Illustration by ERIK CARTER
THE NEW YORKER: By some measures, journalism entered a new, Trumpian, gold-plated age during the 2016 campaign, with the Trump bump, when news organizations found that the more they featured Trump the better their Chartbeat numbers, which, arguably, is a lot of what got him elected. The bump swelled into a lump and, later, a malignant tumor, a carcinoma the size of Cleveland. Within three weeks of the election, the Times added a hundred and thirty-two thousand new subscribers. (This effect hasn’t extended to local papers.) News organizations all over the world now advertise their services as the remedy to Trumpism, and to fake news; fighting Voldemort and his Dark Arts is a good way to rake in readers. Andscrutiny of the Administration has produced excellent work, the very best of journalism. “How President Trump Is Saving Journalism,” a 2017 post on Forbes.com, marked Trump as the Nixon to today’s rising generation of Woodwards and Bernsteins. Superb investigative reporting is published every day, by news organizations both old and new, including BuzzFeed News.
By the what-doesn’t-kill-you line of argument, the more forcefully Trump attacks the press, the stronger the press becomes. Unfortunately, that’s not the full story. All kinds of editorial decisions are now outsourced to Facebook’s News Feed, Chartbeat, or other forms of editorial automation, while the hands of many flesh-and-blood editors are tied to so many algorithms. For one reason and another, including twenty-first-century journalism’s breakneck pace, stories now routinely appear that might not have been published a generation ago, prompting contention within the reportorial ranks. In 2016, when BuzzFeed News released the Steele dossier, many journalists disapproved, including CNN’s Jake Tapper, who got his start as a reporter for the Washington City Paper. “It is irresponsible to put uncorroborated information on the Internet,” Tapper said. “It’s why we did not publish it, and why we did not detail any specifics from it, because it was uncorroborated, and that’s not what we do.” The Times veered from its normal practices when it published an anonymous opinion essay by a senior official in the Trump Administration. And The New Yorker posted a storyonline about Brett Kavanaugh’s behavior when he was an undergraduate at Yale, which Republicans in the Senate pointed to as evidence of a liberal conspiracy against the nominee.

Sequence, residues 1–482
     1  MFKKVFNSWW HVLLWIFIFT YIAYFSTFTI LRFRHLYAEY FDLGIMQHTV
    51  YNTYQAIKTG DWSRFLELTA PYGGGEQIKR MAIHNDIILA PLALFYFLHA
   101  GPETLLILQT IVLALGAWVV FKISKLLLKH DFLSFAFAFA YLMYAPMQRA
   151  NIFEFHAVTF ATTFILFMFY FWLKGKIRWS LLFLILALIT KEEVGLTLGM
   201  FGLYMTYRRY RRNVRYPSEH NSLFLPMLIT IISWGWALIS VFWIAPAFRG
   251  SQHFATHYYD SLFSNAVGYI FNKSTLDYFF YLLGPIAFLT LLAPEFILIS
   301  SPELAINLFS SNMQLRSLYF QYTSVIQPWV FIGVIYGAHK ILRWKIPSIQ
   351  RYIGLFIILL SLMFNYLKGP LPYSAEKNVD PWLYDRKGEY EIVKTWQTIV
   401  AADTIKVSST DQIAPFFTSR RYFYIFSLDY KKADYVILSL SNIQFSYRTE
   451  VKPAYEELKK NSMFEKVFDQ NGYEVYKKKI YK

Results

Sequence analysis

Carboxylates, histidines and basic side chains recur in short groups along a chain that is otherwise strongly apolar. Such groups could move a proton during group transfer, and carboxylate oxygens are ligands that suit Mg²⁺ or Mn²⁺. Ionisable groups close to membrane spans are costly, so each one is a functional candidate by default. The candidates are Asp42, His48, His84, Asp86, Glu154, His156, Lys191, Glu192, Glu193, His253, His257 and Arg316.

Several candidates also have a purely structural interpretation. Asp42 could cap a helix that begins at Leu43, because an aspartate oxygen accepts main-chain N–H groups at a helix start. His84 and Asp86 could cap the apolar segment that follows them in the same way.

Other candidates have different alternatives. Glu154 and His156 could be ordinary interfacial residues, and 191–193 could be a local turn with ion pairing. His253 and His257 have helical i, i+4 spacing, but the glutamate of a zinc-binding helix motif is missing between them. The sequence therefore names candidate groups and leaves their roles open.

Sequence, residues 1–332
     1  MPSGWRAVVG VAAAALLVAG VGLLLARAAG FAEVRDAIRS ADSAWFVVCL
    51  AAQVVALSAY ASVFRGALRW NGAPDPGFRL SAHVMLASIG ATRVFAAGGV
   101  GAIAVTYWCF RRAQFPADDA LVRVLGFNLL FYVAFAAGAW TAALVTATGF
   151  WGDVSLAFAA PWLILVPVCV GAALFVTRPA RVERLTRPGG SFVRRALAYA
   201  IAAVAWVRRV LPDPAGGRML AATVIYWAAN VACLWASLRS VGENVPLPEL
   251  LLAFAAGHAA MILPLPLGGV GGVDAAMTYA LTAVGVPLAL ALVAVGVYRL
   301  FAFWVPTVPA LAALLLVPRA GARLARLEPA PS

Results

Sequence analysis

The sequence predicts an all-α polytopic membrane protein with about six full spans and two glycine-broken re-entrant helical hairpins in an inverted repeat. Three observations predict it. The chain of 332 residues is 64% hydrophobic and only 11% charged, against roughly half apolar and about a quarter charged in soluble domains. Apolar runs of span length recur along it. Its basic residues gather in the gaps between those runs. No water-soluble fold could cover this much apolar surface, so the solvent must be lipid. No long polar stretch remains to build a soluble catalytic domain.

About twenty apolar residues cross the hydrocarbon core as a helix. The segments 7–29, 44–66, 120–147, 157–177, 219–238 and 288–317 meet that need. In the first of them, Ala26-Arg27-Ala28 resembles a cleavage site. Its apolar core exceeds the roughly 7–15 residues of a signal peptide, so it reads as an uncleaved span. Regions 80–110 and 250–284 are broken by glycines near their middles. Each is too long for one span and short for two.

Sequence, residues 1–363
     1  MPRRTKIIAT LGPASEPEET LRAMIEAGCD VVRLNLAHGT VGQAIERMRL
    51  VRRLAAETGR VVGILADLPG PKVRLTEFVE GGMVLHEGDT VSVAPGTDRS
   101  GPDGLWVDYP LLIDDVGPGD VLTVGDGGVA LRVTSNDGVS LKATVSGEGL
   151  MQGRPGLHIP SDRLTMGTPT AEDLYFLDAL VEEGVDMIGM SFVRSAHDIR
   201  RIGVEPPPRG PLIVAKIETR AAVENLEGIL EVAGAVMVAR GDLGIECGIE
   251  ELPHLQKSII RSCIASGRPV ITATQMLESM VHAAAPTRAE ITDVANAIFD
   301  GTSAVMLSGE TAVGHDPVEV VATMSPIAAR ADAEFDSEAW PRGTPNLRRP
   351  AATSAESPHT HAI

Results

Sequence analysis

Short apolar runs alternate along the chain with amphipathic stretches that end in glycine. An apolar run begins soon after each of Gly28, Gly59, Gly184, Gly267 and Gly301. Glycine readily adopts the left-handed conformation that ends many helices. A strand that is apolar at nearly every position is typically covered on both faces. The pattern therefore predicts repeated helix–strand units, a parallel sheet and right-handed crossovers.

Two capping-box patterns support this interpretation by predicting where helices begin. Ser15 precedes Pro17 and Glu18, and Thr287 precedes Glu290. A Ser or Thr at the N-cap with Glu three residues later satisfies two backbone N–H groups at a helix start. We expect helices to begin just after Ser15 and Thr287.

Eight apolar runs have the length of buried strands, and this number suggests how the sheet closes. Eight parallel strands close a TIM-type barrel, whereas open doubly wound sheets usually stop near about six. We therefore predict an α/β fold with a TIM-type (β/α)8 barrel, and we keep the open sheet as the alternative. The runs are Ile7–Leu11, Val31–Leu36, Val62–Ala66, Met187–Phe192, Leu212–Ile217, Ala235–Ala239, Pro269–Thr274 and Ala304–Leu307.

There’s plenty of room to argue over these matters of editorial judgment. Reasonable people disagree. Occasionally, those disagreements fall along a generational divide. Younger journalists often chafe against editorial restraint, not least because their cohort is far more likely than senior newsroom staff to include people from groups that have been explicitly and viciously targeted by Trump and the policies of his Administration, a long and growing list that includes people of color, women, immigrants, Muslims, members of the L.G.B.T.Q. community, and anyone with family in Haiti or any of the other countries Trump deems “shitholes.” Sometimes younger people are courageous and sometimes they are heedless and sometimes those two things are the same. “The more ‘woke’ staff thought that urgent times called for urgent measures,” Abramson writes, and that “the dangers of Trump’s presidency obviated the old standards.” Still, by no means is the divide always or even usually generational. Abramson, for instance, sided with BuzzFeed News about the Steele dossier, just as she approves of the use of the word “lie” to refer to Trump’s lies, which, by the Post’s reckoning, came at the rate of more than a dozen a day in 2018.
The broader problem is that the depravity, mendacity, vulgarity, and menace of the Trump Administration have put a lot of people, including reporters and editors, off their stride. The present crisis, which is nothing less than a derangement of American life, has caused many people in journalism to make decisions they regret, or might yet. In the age of Facebook, Chartbeat, and Trump, legacy news organizations, hardly less than startups, have violated or changed their editorial standards in ways that have contributed to political chaos and epistemological mayhem. Do editors sit in a room on Monday morning, twirl the globe, and decide what stories are most important? Or do they watch Trump’s Twitter feed and let him decide? It often feels like the latter. Sometimes what doesn’t kill you doesn’t make you stronger; it makes everyone sick. The more adversarial the press, the more loyal Trump’s followers, the more broken American public life. The more desperately the press chases readers, the more our press resembles our politics. MORE